How You Can Do Any Goth Makeup Style, Including Soft Gothic Makeup
This article was written by The Zillennial Zine’s fall editorial intern Celeste MacMurray. Find her on Instagram at @clsmsanchezx. If you would like to share an article with The Zillennial, send us an email at email@example.com.
You may have seen recently that soft goth makeup is a style that has been trending and making an impact online. This is something we’ve covered on our site, but soft gothic makeup is only the tip of the iceberg as there are so many different gothic styles out there.
The gothic subculture is one that dates back decades with the creation of gothic music taking precedent before the style emerged. The Gothic music that we now recognize is an offspring of punk music, but one of the songs accredited for beginning the Goth movement is actually “I Put A Spell On You” by Screamin’ Jay Hawkins in 1968.
Gothic music has experienced many developments throughout the years, with the first wave beginning in the late 70s. The most widely known artists of this time were bands like The Cure, The Smiths and Siouxsie Sioux and the Banshees. You can recognize goth music by its use of synths, dark ambience and danceable rhythms as goth music is meant to be danced to. Some songs that exemplify this are “Blue Monday” by New Order and “Bela Lugosi’s Dead” by Bauhaus.
Gothic fashion and makeup developed in tandem with the musical genre, and that’s what leads us to the very first makeup style we will talk about: trad-goth.
The trad-Goth makeup style is immediately recognizable with a single glance. Frequently sporting white face paint—but not completely necessary—and dramatic, geometric brows, trad-Goth draws your attention right away. Oftentimes the brows may connect to the eye makeup, whether that be eyeshadow or eyeliner, but not always. Some trad-Goths like to contour their cheekbones and jawlines with black or gray eyeshadow, but not everyone does, so that is not necessary for your look if you don’t want to add that.
If you really want to commit fully to the trad-Goth look, what makes the style is the face paint, your eyebrows, and the eye makeup. You can either sport winged eyeliner that’s as big and sharp as you want, or experiment with contrasting shades of white and black to create different shapes on your eyelids and underneath your brows. Some trad-Goths shave off their brows or thin them so it’s easier to do their makeup, but it’s not a requirement to do either.
Sweet and sensitive, Romantic goth is alluring and delicate with its delivery and inspired by the Romantic period and movement. Utilizing mainly neutral tones and shades of red, Romantic goth makeup is meant to be just as its title—romantic. It’s supposed to leave you with the impression of romance and sensuality. Romantic goths often do eyeshadow looks with colors like black, gray, white or light shades of red, but eyeliner by itself or with your eye look is never off the table. If you desire, fake eyelashes can be used to make your eyes stand out and captivate, and lips are typically draped in red or maroon shades.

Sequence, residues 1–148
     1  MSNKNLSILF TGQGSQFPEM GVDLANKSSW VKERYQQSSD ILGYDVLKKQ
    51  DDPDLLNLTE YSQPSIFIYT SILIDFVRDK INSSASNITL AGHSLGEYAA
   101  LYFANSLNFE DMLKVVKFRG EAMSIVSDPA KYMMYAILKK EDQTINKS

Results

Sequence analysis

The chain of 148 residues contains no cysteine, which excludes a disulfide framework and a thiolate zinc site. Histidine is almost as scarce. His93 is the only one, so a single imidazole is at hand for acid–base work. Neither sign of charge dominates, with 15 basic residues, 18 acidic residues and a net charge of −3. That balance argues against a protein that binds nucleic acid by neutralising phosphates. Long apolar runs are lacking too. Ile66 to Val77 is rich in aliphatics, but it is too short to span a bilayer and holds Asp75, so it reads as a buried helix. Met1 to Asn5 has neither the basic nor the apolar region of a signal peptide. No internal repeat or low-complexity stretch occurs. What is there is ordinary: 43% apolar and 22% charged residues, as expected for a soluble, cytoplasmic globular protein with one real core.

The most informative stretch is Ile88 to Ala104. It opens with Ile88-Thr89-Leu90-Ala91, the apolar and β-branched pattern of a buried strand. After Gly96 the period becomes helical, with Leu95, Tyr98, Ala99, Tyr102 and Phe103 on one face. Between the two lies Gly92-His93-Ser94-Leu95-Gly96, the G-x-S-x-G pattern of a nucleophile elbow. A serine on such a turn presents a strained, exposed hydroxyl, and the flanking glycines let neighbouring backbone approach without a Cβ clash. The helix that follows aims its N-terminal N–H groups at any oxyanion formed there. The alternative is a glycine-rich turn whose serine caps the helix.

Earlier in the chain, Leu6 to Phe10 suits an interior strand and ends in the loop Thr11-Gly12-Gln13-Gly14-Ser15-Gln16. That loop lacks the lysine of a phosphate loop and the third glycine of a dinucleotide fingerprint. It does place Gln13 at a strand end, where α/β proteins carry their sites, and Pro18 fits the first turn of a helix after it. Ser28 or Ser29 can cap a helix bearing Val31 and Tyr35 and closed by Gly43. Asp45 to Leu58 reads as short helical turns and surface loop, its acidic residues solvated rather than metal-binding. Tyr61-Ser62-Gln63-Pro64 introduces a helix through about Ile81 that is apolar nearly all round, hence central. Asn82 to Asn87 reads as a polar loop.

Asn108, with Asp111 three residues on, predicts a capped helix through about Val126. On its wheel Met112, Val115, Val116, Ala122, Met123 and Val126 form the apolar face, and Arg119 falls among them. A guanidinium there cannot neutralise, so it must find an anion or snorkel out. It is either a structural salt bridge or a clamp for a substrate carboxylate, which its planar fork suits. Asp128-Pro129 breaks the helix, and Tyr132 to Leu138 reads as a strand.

If someone could look at you and say, “They look like a vampire,” then I think that can be the best litmus test possible when it comes to vampire goth makeup. Using dark colors and dark shades of red on the eyelids—sometimes combined or not—the goal is to emulate the same dark and powerful energy of a vampire. You can make your eye looks as glamorous as you want: whether that be by using glitter, trying a cut crease or experimenting with multiple colors. It’s really whatever floats your boat and makes you feel you’re upholding the image of “vampire.” Vampire goths often sport red lipsticks of many shades, and the best tip I can give you for finding your perfect red lip is by analyzing whether the color has warm or cool undertones. The undertones of a color really changes its expression in general but also with the way it interacts with your skin tone.
The soft gothic look, as we discussed earlier, is for those who enjoy the Gothic style and aspects of the subculture but want to recreate it in a subtle and light way. Many of the girls I see recreating soft gothic makeup do so with eyeliner on the lash line and waterline, or even as a winged look, which can never go wrong. I also see people opt for mascara rather than fake eyelashes when it comes to this style. How you choose to do your lips is totally up to you, but I’ve seen people do both red lips or line their lips and top them with lip gloss.
One of the first articles I wrote for the Zillennial, mall goth is a style that dates back to the 90s and 2000s alternative scene. Thin eyebrows, dark and messy eyeliner and dark lips, the mall goth isn’t a look meant for subtlety. It’s one meant to draw attention in honor of its rebellious spirit. Many of the people I see doing mall goth makeup like to do so with fake eyelashes. When it comes to lips, it’s either dark red shades or black or brown lip liner with lip gloss.
Are there any other Gothic styles like soft gothic makeup you love that you think we should have included? Let us know and share with us your favorite products!